"Whenever I go into a restaurant, I order both a chicken and an egg to see which comes first"

Friday, February 17, 2012

Brighton Memories - Church

“May the Peace of the Lord be with you”, intoned Father Brophy, pausing to adjust his magnificent vestments – his flowing silk chasuble, gold crucifix and chain, and gold and silver rings embossed with the emblems of The Holy Father, the Vatican, the Third Crusade, and The Blessed Virgin Mary.  He tugged at the sleeves of his surplice so only the ruffled lace of his alb showed from under his robe.  He dabbed at his lips with a silk handkerchief, and continued, “Today I want to talk to you about sin”.

“Oh, no”, I said to myself.  “Not again”.  Sunday after Sunday, jammed between parishioners smelling of aftershave, cologne, and whisky in the airless church, I was forced to listen to Father Brophy’s sermons on sin.  Sins of the flesh, sins of omission and commission, sins of thought, word and deed, blasphemy, fornication, bestiality – we were regaled and harangued with more sins than I ever thought possible.  He began slowly in a measured, moderate voice, slowly but progressively upping the amps.  After ten minutes he was exercised.  His clerical collar was soaked through and jagged dark stains appeared down the emerald green vestments.  His face was beaded with sweat which dropped onto the pulpit.  After fifteen minutes his face was red and apoplectic, his eyes were turned to the ceiling, and his face contorted by grimaces.  It was though he was looking into his own pestilential world of vipers, fire, and brimstone; flesh-eating devils of sin.  It was horrible but compelling to watch.

Then, predictably, he took his foot off the gas, for he, peering out of his tortured reverie realized that he was bumping up against a far more evil world – that of the Bible-thumping Baptist preachers of his native Alabama.  The tachometer dipped out of the red and into the calmer green, then idle, then stopped.  Sweating, spent, disheveled, and disoriented, he looked out over us and said, “Go with the Lord”.  It was over.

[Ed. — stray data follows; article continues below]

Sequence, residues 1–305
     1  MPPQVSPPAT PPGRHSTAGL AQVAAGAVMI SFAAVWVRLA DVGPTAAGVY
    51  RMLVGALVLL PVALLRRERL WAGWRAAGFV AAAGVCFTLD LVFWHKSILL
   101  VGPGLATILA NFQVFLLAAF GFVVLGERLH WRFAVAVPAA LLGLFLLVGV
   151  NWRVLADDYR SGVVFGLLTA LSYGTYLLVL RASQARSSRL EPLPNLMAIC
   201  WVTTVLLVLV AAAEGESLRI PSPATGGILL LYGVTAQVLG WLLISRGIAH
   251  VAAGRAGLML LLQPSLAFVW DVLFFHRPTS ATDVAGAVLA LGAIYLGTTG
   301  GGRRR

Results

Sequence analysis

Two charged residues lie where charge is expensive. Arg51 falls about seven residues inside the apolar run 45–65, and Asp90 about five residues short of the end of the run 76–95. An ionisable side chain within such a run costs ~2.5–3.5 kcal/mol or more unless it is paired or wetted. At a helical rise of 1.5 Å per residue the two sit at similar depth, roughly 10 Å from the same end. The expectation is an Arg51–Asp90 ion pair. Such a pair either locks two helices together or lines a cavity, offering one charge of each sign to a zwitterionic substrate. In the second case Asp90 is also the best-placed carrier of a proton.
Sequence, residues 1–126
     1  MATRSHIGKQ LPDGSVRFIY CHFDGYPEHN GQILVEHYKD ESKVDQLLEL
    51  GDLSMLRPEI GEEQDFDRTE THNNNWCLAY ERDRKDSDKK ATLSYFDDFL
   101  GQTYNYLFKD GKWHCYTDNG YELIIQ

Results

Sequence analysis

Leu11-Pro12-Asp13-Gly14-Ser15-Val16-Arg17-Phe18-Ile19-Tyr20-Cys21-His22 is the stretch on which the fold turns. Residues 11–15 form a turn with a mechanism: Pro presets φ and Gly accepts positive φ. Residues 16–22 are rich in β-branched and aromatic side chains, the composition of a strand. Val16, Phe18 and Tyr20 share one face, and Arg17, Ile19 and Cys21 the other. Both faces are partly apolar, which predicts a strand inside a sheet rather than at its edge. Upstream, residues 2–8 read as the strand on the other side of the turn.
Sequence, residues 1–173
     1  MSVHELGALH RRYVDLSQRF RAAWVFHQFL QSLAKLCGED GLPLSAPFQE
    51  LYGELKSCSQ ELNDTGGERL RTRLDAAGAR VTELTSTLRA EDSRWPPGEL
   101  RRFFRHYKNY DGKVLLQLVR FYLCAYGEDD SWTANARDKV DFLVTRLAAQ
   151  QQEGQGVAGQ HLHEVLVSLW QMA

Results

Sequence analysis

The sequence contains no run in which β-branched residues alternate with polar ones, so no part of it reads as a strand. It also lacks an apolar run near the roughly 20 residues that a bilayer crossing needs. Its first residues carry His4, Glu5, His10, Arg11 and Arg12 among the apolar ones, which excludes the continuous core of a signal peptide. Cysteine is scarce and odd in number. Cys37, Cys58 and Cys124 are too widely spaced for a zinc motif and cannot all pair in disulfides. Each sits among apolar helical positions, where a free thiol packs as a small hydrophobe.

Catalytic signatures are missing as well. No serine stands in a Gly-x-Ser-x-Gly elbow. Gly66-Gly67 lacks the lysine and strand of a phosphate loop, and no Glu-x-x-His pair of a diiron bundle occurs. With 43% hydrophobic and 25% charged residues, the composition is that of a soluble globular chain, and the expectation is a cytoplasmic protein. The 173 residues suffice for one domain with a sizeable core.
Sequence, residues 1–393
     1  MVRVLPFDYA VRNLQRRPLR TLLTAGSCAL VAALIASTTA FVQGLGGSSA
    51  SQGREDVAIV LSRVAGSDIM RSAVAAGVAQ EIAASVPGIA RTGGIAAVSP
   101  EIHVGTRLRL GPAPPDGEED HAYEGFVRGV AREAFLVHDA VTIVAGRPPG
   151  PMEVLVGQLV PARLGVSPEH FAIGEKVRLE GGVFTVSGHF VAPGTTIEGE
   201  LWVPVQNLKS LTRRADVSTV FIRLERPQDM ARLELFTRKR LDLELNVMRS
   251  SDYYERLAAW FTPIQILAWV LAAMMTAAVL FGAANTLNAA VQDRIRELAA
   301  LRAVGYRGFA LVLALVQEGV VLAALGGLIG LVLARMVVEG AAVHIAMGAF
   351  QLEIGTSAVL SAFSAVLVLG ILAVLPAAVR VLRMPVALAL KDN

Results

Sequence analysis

I should say, the sermon was over, but not the Mass; and I had a good half hour more of my own purgatory of bowing and scraping, ringing bells, consecration, and communion.  Communion itself added at least ten minutes to the Mass, for by the time the Brighton faithful had rolled their way out the pews, up the aisle to get ninety-year-old Father Brophy’’s saliva-dripping palsied fingers jammed down their throats with the Host, and back again we still had twenty minutes at least to go.  The only words of the Mass I paid any attention to were Ite Missa Est – Go, the Mass is ended; but in fact there were another five minutes to go with end-of-ceremony blessings, crossings, and good will until at long last, the organist tromped his feet down on the base pedals and blasted out the Recessional.

My sister, however, never made it to the sermon.  She turned a bleached parchment white and tipped over onto my mother after ten minutes, and my father had to carry her out to the car.  My parents tried everything – the lightest, airiest dresses, cold compresses, and psychological preparation and support (“Boy, isn’t it cool in here?  So nice and breezy.”), but nothing worked.  Like clockwork my sister turned white and tipped over.

I was only ten at the time, so I dutifully accompanied my parents for another five years until I went off to Lefferts.  No one was watching there so I never went to church, unless you count the obligatory daily chapel and the eternally long full-blown service on Sundays.  It was bad enough, I thought, that I had had to undergo the torture of Catholic Mass, I now had to endure a Protestant brand of suffering.